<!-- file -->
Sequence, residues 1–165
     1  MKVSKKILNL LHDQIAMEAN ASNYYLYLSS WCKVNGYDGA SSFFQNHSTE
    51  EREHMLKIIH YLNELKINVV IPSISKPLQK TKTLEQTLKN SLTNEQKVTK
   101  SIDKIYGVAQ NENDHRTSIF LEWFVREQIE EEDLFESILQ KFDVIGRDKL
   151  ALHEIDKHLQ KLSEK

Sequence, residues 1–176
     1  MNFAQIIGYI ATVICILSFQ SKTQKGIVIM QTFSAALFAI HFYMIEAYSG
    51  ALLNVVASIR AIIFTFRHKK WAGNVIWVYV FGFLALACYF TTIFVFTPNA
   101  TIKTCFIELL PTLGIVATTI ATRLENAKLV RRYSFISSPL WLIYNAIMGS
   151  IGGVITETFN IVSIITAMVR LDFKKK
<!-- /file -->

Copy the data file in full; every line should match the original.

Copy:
Sequence, residues 1–165
     1  MKVSKKILNL LHDQIAMEAN ASNYYLYLSS WCKVNGYDGA SSFFQNHSTE
    51  EREHMLKIIH YLNELKINVV IPSISKPLQK TKTLEQTLKN SLTNEQKVTK
   101  SIDKIYGVAQ NENDHRTSIF LEWFVREQIE EEDLFESILQ KFDVIGRDKL
   151  ALHEIDKHLQ KLSEK

Sequence, residues 1–176
     1  MNFAQIIGYI ATVICILSFQ SKTQKGIVIM QTFSAALFAI HFYMIEAYSG
    51  ALLNVVASIR AIIFTFRHKK WAGNVIWVYV FGFLALACYF TTIFVFTPNA
   101  TIKTCFIELL PTLGIVATTI ATRLENAKLV RRYSFISSPL WLIYNAIMGS
   151  IGGVITETFN IVSIITAMVR LDFKKK